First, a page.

# config.ru
require "bundler"
Bundler.setup("production")

require "rack/contrib/try_static"
require "rack/contrib/not_found"

use Rack::TryStatic, {
  root: "build",
  urls: %w[/],
  try:  %w[
    .html index.html /index.html
    .xml  index.xml  /index.xml
  ]
}

run Rack::NotFound.new("build/404/index.html")

Rack::TryStatic is just like Rack::Static except it will sequentially try appending each postfix in try to the URL to check if there’s a matching file on disk. If it finds a match it will serve it via Rack::Static, if not it will pass on through and serve the 404 page.

That’s it!


  1. These are the shell commands for Middleman, but if you’re using Jekyll or something else you’ll need to adjust them.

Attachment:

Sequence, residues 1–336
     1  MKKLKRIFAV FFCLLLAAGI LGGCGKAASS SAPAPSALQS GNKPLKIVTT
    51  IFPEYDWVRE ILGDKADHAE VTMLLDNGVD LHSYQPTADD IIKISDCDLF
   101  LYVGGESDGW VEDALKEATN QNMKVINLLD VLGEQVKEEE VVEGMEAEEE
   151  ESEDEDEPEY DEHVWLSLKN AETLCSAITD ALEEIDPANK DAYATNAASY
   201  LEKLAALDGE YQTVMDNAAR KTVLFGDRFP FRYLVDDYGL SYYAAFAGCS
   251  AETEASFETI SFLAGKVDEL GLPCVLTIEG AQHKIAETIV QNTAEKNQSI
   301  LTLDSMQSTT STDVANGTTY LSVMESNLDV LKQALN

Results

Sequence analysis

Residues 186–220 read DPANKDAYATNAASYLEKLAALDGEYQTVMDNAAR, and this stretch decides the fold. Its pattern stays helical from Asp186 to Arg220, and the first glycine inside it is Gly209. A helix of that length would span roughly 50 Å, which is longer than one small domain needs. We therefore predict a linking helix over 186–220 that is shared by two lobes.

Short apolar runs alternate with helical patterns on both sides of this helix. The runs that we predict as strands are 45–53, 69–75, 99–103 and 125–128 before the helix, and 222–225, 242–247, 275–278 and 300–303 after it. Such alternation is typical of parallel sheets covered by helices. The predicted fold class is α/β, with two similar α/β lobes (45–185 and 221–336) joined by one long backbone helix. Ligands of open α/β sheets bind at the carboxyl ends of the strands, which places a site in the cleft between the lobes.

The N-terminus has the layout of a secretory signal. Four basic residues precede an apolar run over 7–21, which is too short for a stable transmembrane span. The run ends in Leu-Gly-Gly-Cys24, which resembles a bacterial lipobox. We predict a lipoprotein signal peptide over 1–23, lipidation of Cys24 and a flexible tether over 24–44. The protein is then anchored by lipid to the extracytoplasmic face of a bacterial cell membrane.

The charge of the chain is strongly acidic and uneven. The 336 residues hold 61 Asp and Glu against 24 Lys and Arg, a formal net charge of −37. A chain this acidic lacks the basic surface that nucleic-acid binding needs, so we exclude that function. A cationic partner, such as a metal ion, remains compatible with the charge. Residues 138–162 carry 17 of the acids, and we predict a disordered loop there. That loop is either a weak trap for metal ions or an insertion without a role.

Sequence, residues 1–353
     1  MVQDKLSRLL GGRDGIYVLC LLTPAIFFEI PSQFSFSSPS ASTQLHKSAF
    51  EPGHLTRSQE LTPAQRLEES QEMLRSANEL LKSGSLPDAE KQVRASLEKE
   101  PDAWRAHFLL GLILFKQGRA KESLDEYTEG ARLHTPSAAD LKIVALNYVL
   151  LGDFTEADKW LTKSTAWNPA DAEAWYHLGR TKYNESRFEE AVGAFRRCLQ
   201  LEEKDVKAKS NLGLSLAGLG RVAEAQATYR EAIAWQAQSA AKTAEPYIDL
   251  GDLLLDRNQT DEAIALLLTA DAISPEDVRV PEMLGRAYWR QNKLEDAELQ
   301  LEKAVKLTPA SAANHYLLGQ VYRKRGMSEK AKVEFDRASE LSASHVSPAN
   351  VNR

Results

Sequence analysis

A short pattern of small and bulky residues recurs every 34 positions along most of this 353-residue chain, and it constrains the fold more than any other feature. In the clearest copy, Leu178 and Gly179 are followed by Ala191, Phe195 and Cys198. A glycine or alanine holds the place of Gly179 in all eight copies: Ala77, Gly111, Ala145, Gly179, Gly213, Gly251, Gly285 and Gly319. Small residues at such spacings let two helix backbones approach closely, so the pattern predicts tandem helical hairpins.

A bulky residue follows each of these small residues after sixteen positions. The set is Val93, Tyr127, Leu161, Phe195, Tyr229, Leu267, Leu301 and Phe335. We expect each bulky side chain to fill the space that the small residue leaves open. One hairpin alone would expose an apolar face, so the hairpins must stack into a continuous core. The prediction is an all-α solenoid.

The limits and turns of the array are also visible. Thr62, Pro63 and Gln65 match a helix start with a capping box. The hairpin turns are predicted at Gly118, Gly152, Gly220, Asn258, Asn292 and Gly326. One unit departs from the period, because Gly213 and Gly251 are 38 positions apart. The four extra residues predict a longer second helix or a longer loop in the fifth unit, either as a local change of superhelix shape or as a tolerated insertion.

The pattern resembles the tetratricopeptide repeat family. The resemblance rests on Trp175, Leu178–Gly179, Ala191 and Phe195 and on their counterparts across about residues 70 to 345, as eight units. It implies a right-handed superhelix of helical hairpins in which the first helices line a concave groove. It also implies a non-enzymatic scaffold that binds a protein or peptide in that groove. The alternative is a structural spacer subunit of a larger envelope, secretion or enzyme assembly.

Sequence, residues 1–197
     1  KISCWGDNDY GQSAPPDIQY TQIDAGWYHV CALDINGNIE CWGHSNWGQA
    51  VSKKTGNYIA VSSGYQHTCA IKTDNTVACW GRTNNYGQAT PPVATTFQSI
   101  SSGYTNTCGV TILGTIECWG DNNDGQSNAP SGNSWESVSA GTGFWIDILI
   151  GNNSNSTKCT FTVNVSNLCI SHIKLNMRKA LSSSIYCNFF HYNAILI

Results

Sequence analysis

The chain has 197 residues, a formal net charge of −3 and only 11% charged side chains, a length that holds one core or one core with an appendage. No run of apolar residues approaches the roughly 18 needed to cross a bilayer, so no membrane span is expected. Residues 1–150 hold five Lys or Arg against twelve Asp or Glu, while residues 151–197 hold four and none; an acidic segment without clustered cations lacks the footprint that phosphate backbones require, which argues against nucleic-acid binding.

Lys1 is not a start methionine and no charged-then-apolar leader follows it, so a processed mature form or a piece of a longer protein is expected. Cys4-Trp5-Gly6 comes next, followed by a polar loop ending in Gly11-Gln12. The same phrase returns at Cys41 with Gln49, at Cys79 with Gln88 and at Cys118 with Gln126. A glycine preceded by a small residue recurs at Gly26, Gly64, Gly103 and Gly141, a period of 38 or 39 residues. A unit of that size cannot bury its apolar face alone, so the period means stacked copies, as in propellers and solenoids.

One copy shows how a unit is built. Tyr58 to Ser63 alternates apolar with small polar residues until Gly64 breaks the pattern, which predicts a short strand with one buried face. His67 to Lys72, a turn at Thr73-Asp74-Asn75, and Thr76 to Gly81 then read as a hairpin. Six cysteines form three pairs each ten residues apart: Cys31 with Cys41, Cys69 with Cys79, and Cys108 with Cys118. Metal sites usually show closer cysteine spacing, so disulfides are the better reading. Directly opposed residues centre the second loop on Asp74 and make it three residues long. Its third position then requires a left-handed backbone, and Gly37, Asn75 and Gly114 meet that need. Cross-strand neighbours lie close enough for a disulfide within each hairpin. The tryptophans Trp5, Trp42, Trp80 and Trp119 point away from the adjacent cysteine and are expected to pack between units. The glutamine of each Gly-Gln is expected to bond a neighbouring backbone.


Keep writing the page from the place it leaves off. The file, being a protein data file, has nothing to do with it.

2. Back in the day, most HTTP servers would respond to a request for a directory (a URL with a trailing slash) by listing the directory’s contents. They also commonly had a feature called Directory Indexes that would serve an index.html file found inside the directory instead. So if you went to /foobar/ it would serve a file at /foobar/index.html. Everyone realized they could make their URLs prettier this way if they just re-jiggered their file structure a bit. This is why for a long time trailing slashes were so common in URLs. Eventually most static sites were replaced by something dynamic like a content management system or some other application. These systems look at a URL and decide what content to serve. At that point it became pretty trivial to drop the trailing slash and map /foobar onto some page with a title of “Foobar” in the database. That’s why you almost never see file extensions or trailing slashes in URLs any more; the file extension is usually implied and unnecessary, and the trailing slash was only ever a hack we used to get rid of them in the first place.